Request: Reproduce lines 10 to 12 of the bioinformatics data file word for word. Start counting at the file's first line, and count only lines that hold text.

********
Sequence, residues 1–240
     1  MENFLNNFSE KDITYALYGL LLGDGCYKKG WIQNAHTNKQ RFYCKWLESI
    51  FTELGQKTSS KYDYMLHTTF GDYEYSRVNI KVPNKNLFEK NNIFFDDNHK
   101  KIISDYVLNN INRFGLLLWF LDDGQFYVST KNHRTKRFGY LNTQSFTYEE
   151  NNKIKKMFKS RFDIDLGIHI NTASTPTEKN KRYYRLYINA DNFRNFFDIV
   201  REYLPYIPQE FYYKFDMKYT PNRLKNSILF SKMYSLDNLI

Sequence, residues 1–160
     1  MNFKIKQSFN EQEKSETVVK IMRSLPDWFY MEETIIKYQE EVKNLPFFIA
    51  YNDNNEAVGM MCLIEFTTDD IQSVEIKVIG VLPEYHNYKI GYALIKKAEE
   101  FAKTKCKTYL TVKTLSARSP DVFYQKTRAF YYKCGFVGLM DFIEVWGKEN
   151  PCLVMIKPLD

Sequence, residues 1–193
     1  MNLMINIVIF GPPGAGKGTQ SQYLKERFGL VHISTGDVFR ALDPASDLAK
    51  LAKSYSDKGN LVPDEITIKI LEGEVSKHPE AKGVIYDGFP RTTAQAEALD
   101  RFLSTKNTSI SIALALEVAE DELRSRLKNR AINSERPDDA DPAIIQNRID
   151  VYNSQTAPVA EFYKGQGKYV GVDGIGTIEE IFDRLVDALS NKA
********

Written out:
   101  FAKTKCKTYL TVKTLSARSP DVFYQKTRAF YYKCGFVGLM DFIEVWGKEN
   151  PCLVMIKPLD

Sequence, residues 1–193